Textiles evolve by themselves
If a pair of jeans lets in ventilation in summer (intentionally!) without any help from its wearer, we are talking about a ‘4D textile’ – for some people, this is the next generation of textiles. David Schmelzeisen from the Institute of Textile Technology (ITA) at RWTH Aachen University explains what it’s all about.
David, we know 3D from cinema and television, and there are even 4D cinemas where aromas, wind, fog, drizzle and moving elements are used in the seat upholstery. But what are we to understand by 4D textiles?
Objects that we come across in everyday life have three dimensions: length, width and height – in other words, 3D. Added to these, we have time as a fourth dimension. In terms of textiles, we can broadly say this: it’s all about products which change their form under certain ambient conditions in a planned, intentional way. Let me illustrate this with the example of a tight pair of jeans: if they become baggy, it can be because of a change over the course of time, but we are not talking about a 4D textile here, because it is not a process that has been planned. If however the jeans were to expand slightly on a warm summer’s day and the textile structure provide air to cool the legs, because this is what we have ‘programmed’ them to do, this would be a 4D effect.
What do you mean by ‘programmed’?
4D textiles are a combination of textile base materials and microstructures, which are printed on the fabric surface in the form of thin plastic layers. The change of form desired later is programmed directly into the textile.
How then is a transformation like this set in motion?
We work primarily with heat (as with the jeans and summer heat) and moisture, but we are also experimenting with UV and laser radiation, and changes in pH levels. Electric and magnetic fields could also function as stimuli.
And what could they activate?
Movement, for example, as in the case of textile facades or stadium roofs, which open and close by themselves when exposed to heat or moisture. Or pulsating vascular supports (stents) which expand and contract in the body according to blood flow. Football shoes, which change their surface when they touch the ball, also spring to mind. All these are still under research, but the possibilities are practically unlimited.
What makes your 4D approach distinct from ‘smart textiles’ which change their state by means of electronics?
These textiles are made ‘smart’ or ‘intelligent’ with sensors and microchips, which can often lead to an extreme increase in complexity. This can put too much strain on the consumer. We want to make things simpler by programming the intelligence, i.e. the desired change, directly into the textile material with the microstructures – without technology and electronics.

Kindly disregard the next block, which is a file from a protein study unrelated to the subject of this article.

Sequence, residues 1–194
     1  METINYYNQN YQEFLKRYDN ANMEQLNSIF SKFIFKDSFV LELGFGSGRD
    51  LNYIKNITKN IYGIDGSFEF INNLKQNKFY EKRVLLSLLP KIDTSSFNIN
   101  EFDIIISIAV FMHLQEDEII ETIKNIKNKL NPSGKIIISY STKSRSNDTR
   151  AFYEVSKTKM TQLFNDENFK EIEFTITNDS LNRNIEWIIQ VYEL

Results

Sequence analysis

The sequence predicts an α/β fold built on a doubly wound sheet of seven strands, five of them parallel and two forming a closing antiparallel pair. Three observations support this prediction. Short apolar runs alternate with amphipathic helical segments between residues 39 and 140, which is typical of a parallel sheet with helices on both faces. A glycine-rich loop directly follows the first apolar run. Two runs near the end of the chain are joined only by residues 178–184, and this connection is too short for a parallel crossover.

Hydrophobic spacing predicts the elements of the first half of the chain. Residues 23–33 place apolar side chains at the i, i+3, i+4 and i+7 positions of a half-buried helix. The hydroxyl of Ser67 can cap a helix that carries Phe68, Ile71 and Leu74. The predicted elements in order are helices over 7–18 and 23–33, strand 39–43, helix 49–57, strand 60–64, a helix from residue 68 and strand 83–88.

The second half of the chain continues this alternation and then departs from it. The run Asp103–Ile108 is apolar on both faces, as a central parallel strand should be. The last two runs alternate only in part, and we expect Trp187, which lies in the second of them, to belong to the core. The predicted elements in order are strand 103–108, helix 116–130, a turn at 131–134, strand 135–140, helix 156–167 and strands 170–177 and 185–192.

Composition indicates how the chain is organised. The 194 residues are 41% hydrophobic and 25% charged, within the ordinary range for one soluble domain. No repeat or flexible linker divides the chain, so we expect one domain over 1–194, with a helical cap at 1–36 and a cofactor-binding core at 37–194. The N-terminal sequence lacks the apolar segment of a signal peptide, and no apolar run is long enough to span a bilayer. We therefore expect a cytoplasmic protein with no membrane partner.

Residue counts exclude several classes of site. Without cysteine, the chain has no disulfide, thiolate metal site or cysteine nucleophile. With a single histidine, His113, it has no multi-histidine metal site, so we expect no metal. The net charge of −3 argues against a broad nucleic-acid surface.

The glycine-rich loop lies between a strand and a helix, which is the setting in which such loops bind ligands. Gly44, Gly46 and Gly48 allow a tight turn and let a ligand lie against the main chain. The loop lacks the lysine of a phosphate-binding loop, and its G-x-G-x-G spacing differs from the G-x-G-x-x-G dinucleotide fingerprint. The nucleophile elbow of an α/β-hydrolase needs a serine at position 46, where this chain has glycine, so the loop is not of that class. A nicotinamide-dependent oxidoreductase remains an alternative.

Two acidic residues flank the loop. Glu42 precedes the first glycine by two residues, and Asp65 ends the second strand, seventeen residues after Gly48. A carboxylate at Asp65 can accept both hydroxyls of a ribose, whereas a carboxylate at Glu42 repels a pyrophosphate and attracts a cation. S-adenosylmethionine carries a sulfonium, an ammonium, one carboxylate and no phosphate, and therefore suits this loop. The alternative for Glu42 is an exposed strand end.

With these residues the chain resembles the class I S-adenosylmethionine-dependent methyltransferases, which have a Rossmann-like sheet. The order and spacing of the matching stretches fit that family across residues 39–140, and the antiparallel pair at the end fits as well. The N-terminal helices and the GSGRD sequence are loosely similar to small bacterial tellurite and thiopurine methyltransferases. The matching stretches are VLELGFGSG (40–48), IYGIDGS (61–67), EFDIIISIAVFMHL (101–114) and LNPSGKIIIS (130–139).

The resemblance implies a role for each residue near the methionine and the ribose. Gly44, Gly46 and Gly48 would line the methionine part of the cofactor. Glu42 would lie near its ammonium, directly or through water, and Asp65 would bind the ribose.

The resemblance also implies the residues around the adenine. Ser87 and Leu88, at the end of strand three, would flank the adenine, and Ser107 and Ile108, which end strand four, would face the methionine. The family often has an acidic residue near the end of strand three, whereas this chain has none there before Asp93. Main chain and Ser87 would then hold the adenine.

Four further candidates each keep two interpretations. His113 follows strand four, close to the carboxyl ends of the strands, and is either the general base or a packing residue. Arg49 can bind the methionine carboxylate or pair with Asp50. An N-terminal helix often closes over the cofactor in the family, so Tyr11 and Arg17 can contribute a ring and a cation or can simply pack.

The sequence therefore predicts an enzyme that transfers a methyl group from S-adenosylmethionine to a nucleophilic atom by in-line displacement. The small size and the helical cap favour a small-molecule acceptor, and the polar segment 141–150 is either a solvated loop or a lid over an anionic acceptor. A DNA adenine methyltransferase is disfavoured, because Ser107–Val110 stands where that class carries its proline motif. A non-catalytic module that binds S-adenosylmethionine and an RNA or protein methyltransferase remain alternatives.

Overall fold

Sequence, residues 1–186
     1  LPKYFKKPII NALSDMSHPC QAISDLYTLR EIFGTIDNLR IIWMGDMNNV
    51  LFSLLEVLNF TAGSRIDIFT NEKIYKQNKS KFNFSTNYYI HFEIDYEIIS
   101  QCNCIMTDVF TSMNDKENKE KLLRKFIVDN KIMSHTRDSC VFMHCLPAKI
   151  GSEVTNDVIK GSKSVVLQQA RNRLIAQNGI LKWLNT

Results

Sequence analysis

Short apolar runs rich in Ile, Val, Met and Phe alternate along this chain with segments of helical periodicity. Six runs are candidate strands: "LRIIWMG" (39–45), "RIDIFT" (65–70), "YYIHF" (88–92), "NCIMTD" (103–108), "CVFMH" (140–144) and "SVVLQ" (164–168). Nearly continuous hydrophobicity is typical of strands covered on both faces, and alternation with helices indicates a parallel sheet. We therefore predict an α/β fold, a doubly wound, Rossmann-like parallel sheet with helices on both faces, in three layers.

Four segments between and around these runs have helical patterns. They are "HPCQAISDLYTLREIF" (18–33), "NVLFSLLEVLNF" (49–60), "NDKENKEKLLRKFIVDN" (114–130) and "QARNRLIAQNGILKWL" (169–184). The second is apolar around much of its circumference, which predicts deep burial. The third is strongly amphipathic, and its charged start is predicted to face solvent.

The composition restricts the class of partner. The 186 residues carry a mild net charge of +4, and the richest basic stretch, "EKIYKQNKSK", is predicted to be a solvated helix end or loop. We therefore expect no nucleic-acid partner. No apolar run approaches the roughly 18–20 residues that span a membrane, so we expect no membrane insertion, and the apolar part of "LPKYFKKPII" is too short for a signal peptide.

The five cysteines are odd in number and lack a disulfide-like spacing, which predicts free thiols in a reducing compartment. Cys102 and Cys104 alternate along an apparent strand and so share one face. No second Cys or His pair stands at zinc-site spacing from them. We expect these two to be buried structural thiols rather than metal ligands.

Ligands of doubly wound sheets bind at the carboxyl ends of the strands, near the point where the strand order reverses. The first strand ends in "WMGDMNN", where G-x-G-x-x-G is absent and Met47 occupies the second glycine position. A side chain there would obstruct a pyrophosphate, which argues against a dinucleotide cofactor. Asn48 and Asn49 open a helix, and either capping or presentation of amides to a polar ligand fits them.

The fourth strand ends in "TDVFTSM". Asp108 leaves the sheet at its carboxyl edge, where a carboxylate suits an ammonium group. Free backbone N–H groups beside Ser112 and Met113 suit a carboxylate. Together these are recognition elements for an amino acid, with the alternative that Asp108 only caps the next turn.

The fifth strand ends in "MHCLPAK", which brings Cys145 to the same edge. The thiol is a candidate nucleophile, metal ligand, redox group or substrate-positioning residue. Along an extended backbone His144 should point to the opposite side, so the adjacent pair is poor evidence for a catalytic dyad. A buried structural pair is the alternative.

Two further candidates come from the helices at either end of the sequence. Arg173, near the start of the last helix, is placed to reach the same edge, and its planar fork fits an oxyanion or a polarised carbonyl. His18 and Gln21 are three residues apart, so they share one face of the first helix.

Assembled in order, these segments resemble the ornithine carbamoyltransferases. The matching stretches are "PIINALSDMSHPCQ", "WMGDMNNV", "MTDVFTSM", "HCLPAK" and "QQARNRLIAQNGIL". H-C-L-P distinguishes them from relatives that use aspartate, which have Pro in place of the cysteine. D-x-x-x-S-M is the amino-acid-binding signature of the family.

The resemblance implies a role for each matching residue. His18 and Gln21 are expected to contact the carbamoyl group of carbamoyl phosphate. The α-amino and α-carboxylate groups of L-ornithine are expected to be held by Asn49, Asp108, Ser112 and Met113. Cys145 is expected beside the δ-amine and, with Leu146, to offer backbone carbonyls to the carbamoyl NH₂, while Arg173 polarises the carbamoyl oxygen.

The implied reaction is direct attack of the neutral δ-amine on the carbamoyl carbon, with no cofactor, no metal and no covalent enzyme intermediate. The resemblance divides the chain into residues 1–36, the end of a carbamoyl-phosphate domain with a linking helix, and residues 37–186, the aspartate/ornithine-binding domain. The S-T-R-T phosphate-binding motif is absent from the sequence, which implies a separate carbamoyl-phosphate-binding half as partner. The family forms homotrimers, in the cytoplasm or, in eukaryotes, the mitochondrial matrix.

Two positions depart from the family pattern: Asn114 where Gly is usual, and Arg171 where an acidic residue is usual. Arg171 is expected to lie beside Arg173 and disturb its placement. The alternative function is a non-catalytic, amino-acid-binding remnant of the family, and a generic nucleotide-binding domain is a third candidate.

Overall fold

What materials do you work with?
Primarily with woven knits, i.e. knitted or crocheted fabrics, which are nice and stretchy, but in general all elastic and porous textiles are suitable. For the microstructures, we use different plastic materials, and combine them with each other in the 3D printing. Combining them is important because they all react differently to ambient conditions; whilst one kind of plastic will stretch significantly in reaction to moisture, another won’t change at all. Tensions arise where the two materials come together, and these trigger a macroscopic movement in the textile – this is the 4D effect that we use.
Can you explain this in a little more detail?
We stretch the textile first and then print it with the microstructures. To do this, we use widespread 3D processes, such as digital light processing and fused deposition modelling. Thus, the microstructures are printed on pre-stretched textile fabrics, where they form a kind of structure that can be seen as an energy store, a little like a tensioned spring. They stay there in the textile until they are activated by moisture, heat or other triggers and change their tensioned state, and thus that of the textile – et voilà: the jeans fabric opens up in the heat and lets cool air in.
Some experts call 4D textiles the next generation of textiles. Why?
Up till now textiles were seen as static materials. 4D products, on the other hand, can adapt to suit their environment and react to changing conditions. This means that we’ll be able to interact with the environment through our clothes in future. I think that the 4D approach to textiles will make many of the sensors, microchips and actuators in ‘smart’ clothing and technical textiles superfluous in the next few years.
Title image: source: ITA